French form of Aemilius
). This name was borne by French author Émile Zola (1840-1902).
Pronounced: EM-ə-leen, EM-ə-lien
From an Old French form of the Germanic
, originally a diminutive
of Germanic names beginning with the element amal
meaning "work". The Normans
introduced this name to England.
Pronounced: UR-nəst (English), ER-NEST (French), ER-nest (Polish)
Derived from Germanic eornost
meaning "serious". It was introduced to England by the German House of Hanover when they inherited the British throne in the 18th century, though it did not become common until the following century. The American author and adventurer Ernest Hemingway (1899-1961) was a famous bearer of the name. It was also used by Oscar Wilde for a character in his comedy 'The Importance of Being Earnest' (1895).
Pronounced: es-TEL (English), ES-TEL (French)
From an Old French name which was derived from Latin stella
, meaning "star". It was rare in the English-speaking world in the Middle Ages, but it was revived in the 19th century, perhaps due to the character Estella Havisham in Charles Dickens' novel 'Great Expectations' (1860).
Pronounced: EE-vee, EV-ee
Gender: Feminine & Masculine
Pronounced: FLAWR-əns (English), FLAW-RAHNS (French)
From the Latin name Florentius
or the feminine form Florentia
, which were derived from florens
"prosperous, flourishing". Florentius
was borne by many early Christian saints
, and it was occasionally used in their honour through the Middle Ages. In modern times it is mostly feminine.
The name can also be given in reference to the city in Italy, as in the case of Florence Nightingale (1820-1910). She was a nurse in British hospitals during the Crimean War and is usually considered the founder of modern nursing.
Usage: French, Spanish, Portuguese, German, Swedish, Norwegian, Danish, Finnish, Catalan, English, Romanian, Polish, Czech, Slovak, Biblical, Biblical Latin, Biblical Greek
Pronounced: GA-BREE-YEL (French), ga-BRYEL (Spanish), GA-bree-el (German, Classical Latin), GAHB-ree-el (Finnish), GAY-bree-əl (English), GAB-ryel (Polish)
From the Hebrew name גַבְרִיאֵל (Gavri'el)
meaning "God is my strong man", derived from גֶּבֶר (gever)
meaning "strong man, hero" and אֵל ('el)
meaning "God". Gabriel is an archangel in Hebrew tradition, often appearing as a messenger of God. In the Old Testament
he is sent to interpret the visions of the prophet Daniel
, while in the New Testament
he serves as the announcer of the births of John
. According to Islamic tradition he was the angel who dictated the Qur'an to Muhammad
This name has been used occasionally in England since the 12th century. It was not common in the English-speaking world until the end of the 20th century.
Pronounced: GUR-trood (English), khər-TRUY-də (Dutch)
Means "spear of strength", derived from the Germanic elements ger
"spear" and thrud
Gertrude the Great was a 13th-century nun and mystic writer. It was probably introduced to England by settlers from the Low Countries in the 15th century. Shakespeare
used the name in his play 'Hamlet' (1600) for the mother of the title character. A famous bearer was the American writer Gertrude Stein (1874-1946).
Gender: Masculine & Feminine
From the Germanic
which meant "home ruler", composed of the elements heim
"home" and ric
"power, ruler". It was later commonly spelled Heinrich
, with the spelling altered due to the influence of other Germanic names like Haganrich
, in which the first element is hagan
Heinrich was popular among continental royalty, being the name of seven German kings, starting with the 10th-century Henry I the Fowler, and four French kings. In France it was rendered Henri from the Latin form Henricus.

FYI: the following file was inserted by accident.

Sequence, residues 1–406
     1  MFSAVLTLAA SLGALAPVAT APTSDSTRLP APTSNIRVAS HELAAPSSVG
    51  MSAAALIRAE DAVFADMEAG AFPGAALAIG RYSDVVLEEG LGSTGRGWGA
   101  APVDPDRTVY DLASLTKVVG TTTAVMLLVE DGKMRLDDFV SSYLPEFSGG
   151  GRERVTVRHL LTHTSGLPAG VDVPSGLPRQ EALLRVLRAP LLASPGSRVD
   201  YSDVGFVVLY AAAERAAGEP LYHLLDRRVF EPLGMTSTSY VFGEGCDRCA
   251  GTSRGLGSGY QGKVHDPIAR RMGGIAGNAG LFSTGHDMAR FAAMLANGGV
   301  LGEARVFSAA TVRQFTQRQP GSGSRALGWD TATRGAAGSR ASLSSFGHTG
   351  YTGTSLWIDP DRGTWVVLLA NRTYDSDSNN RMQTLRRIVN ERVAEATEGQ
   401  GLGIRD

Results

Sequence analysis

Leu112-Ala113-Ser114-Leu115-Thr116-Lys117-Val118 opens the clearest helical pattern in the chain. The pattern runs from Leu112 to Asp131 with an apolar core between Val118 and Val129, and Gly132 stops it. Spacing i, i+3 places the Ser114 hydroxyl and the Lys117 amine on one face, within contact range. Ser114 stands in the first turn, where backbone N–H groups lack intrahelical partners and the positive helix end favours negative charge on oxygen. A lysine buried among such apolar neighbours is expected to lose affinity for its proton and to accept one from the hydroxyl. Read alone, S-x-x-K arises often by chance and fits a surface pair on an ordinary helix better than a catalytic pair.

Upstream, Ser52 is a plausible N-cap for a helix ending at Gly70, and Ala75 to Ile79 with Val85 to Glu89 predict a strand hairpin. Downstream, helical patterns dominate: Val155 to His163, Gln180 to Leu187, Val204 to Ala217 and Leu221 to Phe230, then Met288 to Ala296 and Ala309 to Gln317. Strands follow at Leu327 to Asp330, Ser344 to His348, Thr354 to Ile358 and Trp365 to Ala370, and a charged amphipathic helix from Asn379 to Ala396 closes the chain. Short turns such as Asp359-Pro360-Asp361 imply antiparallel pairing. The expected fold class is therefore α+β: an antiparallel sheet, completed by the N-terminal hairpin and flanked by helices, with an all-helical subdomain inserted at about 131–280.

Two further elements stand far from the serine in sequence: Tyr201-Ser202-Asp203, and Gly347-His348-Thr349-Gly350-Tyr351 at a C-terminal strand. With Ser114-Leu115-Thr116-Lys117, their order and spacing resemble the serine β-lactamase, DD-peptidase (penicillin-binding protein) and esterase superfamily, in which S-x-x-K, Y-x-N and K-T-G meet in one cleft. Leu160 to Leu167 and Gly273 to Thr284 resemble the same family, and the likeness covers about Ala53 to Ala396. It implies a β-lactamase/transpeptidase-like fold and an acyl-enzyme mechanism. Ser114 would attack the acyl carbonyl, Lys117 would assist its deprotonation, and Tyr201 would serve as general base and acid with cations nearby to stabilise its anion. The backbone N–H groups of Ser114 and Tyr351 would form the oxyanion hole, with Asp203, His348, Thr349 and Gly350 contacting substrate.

The Normans introduced the French form to England, and it was subsequently used by eight kings, ending with the infamous Henry VIII in the 16th century. During the Middle Ages it was generally rendered as Harry or Herry in English pronunciation. Notable bearers include arctic naval explorer Henry Hudson (1570-1611), British novelist Henry James (1843-1916), and American automobile manufacturer Henry Ford (1863-1947).
Pronounced: ISH-may-əl (English), ISH-mee-əl (English)
From the Hebrew name יִשְׁמָעֵאל (Yishma'el)
meaning "God will hear", from the roots שָׁמַע (shama')
meaning "to hear" and אֵל ('el)
meaning "God". In the Old Testament
this is the name of a son of Abraham
. He is the traditional ancestor of the Arab people. Also in the Old Testament, it is borne by a man who assassinates Gedaliah
the governor of Judah. The author Herman Melville later used this name for the narrator in his novel 'Moby-Dick' (1851).
Other Scripts: יוֹסֵף (Ancient Hebrew)
Pronounced: JO-səf (English), ZHO-ZEF (French), YO-zef (German)
, the Latin form of Greek Ιωσηφ (Ioseph)
, which was from the Hebrew name יוֹסֵף (Yosef)
meaning "he will add", from the root יָסַף (yasaf)
. In the Old Testament
Joseph is the eleventh son of Jacob
and the first with his wife Rachel
. Because he was the favourite of his father, his older brothers sent him to Egypt and told their father that he had died. In Egypt, Joseph became an advisor to the pharaoh, and was eventually reconciled with his brothers when they came to Egypt during a famine. This name also occurs in the New Testament
, belonging to Saint
Joseph the husband of Mary
, and to Joseph of Arimathea.
In the Middle Ages, Joseph was a common Jewish name, being less frequent among Christians. In the late Middle Ages Saint Joseph became more highly revered, and the name became popular in Spain and Italy. In England it became common after the Protestant Reformation. This name was borne by rulers of the Holy Roman Empire and Portugal. Other notable bearers include Polish-British author Joseph Conrad (1857-1924) and the Soviet dictator Joseph Stalin (1878-1953).
Pronounced: KAYT (English)
, often used independently. It has been used in England since the Middle Ages. This was the name of the woman who Petruchio marries and tries to tame in Shakespeare
's comedy 'Taming of the Shrew' (1593). A famous bearer is the British actress Kate Winslet (1975-).
Pronounced: KATH-ə-rin, KATH-rin
From the Greek name Αικατερινη (Aikaterine)
. The etymology is debated: it could derive from the earlier Greek name ‘Εκατερινη (Hekaterine)
, which came from ‘εκατερος (hekateros)
"each of the two"; it could derive from the name of the goddess HECATE
; it could be related to Greek αικια (aikia)